A seemingly abandoned house in Philadelphia was actually home to 16 residents -- all of them cats.
A contractor discovered nine adult cats and seven kittens trapped in the walls of a recently purchased home in West Philadelphia on Sunday. The contractor brought the "wall cats" to the Animal Care & Control Team of Philadelphia, where they are being taken care of until someone adopts them.
When the contractor arrived at the house to tear down the walls, a kitten came tumbling out of a wall with dry rot. He realized there must be more cats trapped in the walls, and spent eight hours rescuing every cat he could find to put them in crates and bring them to ACCT.
All of the cats except for one kitten, who was in particularly bad health upon arriving at ACCT, were saved.
Get Philly local news, weather forecasts, sports and entertainment stories to your inbox. Sign up for NBC Philadelphia newsletters.
The cats were covered in urine and feces, and likely would not have survived for much longer in the walls without a way out, Sarah Barnett, the director of development and communications at ACCT said.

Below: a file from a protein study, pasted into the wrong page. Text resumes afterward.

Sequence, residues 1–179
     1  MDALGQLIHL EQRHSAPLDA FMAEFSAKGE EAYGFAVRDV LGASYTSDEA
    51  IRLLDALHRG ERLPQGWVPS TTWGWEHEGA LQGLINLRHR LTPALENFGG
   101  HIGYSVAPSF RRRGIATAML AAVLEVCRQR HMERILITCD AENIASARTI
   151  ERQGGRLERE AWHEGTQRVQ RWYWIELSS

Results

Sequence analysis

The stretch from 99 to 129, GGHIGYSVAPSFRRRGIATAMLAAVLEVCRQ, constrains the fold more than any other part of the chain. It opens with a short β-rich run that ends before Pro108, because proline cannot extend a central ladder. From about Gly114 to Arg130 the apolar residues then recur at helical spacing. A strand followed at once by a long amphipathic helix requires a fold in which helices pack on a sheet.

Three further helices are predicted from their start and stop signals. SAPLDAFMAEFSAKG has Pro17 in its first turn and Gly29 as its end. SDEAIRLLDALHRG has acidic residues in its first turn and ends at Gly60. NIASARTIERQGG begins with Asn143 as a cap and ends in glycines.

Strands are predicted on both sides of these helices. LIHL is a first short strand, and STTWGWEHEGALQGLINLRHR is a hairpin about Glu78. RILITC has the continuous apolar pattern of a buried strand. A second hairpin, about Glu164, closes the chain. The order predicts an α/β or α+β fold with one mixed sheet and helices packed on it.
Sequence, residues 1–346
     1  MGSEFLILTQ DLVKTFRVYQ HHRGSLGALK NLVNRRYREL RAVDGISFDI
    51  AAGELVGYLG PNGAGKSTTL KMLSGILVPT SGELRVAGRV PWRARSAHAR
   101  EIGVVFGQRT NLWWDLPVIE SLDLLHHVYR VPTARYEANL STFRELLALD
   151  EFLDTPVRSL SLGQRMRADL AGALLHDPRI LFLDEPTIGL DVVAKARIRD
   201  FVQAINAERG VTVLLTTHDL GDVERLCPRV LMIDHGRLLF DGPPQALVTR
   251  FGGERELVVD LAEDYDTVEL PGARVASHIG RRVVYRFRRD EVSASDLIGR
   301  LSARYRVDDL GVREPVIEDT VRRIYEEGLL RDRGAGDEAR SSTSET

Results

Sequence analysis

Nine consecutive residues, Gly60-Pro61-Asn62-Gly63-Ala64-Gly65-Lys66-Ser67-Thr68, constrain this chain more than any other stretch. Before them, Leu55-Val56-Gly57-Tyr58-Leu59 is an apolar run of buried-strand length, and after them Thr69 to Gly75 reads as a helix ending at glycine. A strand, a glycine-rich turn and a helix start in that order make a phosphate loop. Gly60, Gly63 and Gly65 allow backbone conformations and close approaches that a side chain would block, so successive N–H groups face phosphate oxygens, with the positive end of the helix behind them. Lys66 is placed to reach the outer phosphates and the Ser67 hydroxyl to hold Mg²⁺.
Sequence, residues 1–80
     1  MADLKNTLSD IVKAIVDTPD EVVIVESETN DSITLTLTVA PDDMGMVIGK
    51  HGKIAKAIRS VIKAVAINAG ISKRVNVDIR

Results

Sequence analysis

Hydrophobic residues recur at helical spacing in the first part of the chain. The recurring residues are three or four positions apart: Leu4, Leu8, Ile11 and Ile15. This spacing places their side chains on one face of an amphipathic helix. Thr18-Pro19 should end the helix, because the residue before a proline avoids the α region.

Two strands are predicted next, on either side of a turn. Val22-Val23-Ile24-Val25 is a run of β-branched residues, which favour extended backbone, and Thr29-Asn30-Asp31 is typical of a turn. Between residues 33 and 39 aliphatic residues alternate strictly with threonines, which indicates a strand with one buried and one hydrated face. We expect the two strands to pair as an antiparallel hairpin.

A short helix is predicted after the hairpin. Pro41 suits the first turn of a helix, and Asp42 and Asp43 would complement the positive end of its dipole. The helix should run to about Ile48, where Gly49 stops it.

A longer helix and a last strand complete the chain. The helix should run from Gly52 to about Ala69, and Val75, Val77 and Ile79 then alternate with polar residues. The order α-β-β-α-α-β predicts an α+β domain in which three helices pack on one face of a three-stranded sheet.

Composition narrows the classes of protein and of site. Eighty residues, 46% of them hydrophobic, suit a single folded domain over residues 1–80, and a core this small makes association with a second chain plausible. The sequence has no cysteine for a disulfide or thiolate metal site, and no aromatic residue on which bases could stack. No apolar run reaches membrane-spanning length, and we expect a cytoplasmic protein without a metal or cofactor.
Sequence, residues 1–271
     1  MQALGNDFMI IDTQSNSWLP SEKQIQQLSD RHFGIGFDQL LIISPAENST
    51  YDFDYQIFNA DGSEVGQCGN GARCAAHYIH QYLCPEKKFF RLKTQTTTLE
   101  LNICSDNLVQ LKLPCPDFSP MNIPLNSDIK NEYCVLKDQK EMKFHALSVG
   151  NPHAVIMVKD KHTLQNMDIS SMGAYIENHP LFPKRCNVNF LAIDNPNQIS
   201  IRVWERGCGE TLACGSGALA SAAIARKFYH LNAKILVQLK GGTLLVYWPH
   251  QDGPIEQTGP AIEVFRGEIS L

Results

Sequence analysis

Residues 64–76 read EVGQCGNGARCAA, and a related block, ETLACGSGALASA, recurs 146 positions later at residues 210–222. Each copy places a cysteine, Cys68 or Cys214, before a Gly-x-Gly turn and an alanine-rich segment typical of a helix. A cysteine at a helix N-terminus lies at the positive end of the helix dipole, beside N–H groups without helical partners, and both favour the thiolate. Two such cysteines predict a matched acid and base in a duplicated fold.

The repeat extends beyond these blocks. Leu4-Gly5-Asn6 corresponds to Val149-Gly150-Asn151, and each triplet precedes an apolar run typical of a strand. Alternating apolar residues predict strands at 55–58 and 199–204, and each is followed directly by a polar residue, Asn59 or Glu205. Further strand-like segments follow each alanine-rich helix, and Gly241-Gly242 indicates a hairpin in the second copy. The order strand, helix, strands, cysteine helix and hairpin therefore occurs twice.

"We’re really grateful that [the contractor] brought them in and he did save their lives," Barnett said in an interview with NBC10.
It is likely that the cats have been trapped inside the walls for about five days, Barnett said. The outdoor cats probably climbed inside a hole in the wall to find shelter, and then became trapped when the contractor filled in the hole last week.
Breaking news and the stories that matter to your neighborhood.
The cats seem to be doing OK in foster care but will need help being socialized, Barnett said. ACCT is looking for the public to help by becoming foster parents for adult cats or a litter of kittens.
Before adoption, ACCT plans to help the cats recover and then spray and neuter them.
It's currently "kitten season," so ACCT is taking in dozens of cats and kittens each day. ACCT is the only open intake shelter in Philadelphia.
“We can stop that cycle of overpopulation. We can stop that cycle of breeding. We can provide the cats with the medical care they need,” Barnett said in the interview.